During his eight years in the Florida House, freshman state Sen. Bill Galvano established a strong record of legislative leadership, consensus building and thoughtful public service.
The Bradenton attorney, termed out of the House in 2010, should be a top contender for the Senate presidency in 2018 (for the 2019-2020 legislative sessions). While he must win re-election in 2014 and 2018, we figure his odds are very good -- at both retaining his District 26 seat and winning the chamber's presidency.
News about his candidacy leaked out last week, though Galvano declines to confirm his aspirations. That speaks to his low-key nature, one that served him well in the House as he rose to powerful posts. Back then, Galvano's colleagues expressed admiration and appreciation for his understated political prowess.
Since colleagues confirmed he is collecting pledge cards from his fellow senators for their votes, his presidential candidacy is well under way.
Because of redistricting and constitutional provisions, Galvano's current term only last two years, but he is eligible for a pair of four-year terms.
In Florida's peculiar political process, chamber leadership are determined years in advance because term limits don't allow the luxury of lengthy deliberations over qualifications. The pitfalls of this process came into sharp focus in the 2012 election when GOP Rep. Chris Dorworth, elected in 2010 to serve as House speaker in 2014-2016, lost his re-election bid by a razor-thin margin.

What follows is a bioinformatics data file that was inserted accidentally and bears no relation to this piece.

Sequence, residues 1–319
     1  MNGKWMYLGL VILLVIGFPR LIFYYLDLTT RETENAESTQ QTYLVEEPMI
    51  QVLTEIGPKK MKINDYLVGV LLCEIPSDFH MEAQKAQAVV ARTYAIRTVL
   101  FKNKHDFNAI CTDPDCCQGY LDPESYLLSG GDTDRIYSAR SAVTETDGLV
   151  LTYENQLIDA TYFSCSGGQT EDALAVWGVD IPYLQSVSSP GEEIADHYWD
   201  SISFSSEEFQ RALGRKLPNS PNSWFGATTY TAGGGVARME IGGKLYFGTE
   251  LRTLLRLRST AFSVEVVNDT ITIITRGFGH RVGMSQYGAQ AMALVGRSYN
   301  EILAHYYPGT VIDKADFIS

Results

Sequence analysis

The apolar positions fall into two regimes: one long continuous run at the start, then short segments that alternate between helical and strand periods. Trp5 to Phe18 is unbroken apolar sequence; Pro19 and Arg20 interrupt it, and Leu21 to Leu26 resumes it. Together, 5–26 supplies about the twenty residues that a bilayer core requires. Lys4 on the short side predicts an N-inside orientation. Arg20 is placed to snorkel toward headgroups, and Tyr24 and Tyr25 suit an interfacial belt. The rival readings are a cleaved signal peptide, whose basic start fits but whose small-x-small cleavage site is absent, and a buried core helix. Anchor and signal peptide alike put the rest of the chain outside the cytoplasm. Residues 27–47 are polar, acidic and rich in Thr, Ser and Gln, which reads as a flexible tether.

Another roadblock in Galvano's path to the presidency is if Republicans somehow lose their commanding edge in the Senate and a Democrat rises to the presidency in 2018.
When current Senate President Don Gaetz visited the Herald Editorial Board ahead of this year's legislative session, he responded to a question about Galvano's potential in the chamber: "I think that Bill Galvano could be Senate president, he could be attorney general, he could be governor. Bill Galvano is one of the smartest people I've ever met."
Indeed, Gaetz drafted Galvano to compose an important ethics bill designed to rein in public corruption and abuse -- Gaetz's top priority for the session. That sign of confidence in Galvano can only serve to boost his candidacy. (The full Legislature did indeed pass an ethics bill this year.)
In an interview with Herald reporter Sara Kennedy last week, Sen. Nancy Detert, R-Venice, acknowledged that she signed a pledge to vote for Galvano "because he's from my area, and I've known him for years, and I have much respect for him."The two became well acquainted as members of the region's legislative delegation, frequently engaging the public together in forums and serving on various official bodies.
Manatee County's most recent Senate president, John McKay of Bradenton, held the position from 2001-2002. He, too, speaks highly of Galvano, telling the Herald that the new senator " ... is well-respected among his peers, and I certainly hope he accomplishes his goal."
Galvano earned that respect through his many legislative accomplishments, these being two prominent examples:
As chair of the House Rules and Calendar Council, he approved an ethics inquiry against then Speaker Ray Sansom, R-Destin, accused of steering millions to a college in his district and then accepting a position there. Through Galvano's diplomatic handling of this controversy, Sansom resigned on the eve of his ethics trial.
As chair of the Select Committee on Seminole Indian Compact Review, Galvano negotiated a billion-dollar deal for the state in exchange for allowing the tribe to expand its casinos into table games.
His deft management of the legislative process and its political underpinning are essential qualities for chamber leadership. Florida will be well-served with Bill Galvano as Senate president.